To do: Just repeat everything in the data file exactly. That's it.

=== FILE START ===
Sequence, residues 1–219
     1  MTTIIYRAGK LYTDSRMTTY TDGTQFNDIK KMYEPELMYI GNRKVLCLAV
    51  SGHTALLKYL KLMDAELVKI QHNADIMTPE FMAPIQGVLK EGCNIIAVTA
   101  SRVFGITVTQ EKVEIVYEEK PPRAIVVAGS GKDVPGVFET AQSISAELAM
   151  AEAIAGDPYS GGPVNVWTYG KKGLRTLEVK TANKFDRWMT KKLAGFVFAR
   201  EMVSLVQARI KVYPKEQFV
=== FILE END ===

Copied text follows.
Sequence, residues 1–219
     1  MTTIIYRAGK LYTDSRMTTY TDGTQFNDIK KMYEPELMYI GNRKVLCLAV
    51  SGHTALLKYL KLMDAELVKI QHNADIMTPE FMAPIQGVLK EGCNIIAVTA
   101  SRVFGITVTQ EKVEIVYEEK PPRAIVVAGS GKDVPGVFET AQSISAELAM
   151  AEAIAGDPYS GGPVNVWTYG KKGLRTLEVK TANKFDRWMT KKLAGFVFAR
   201  EMVSLVQARI KVYPKEQFV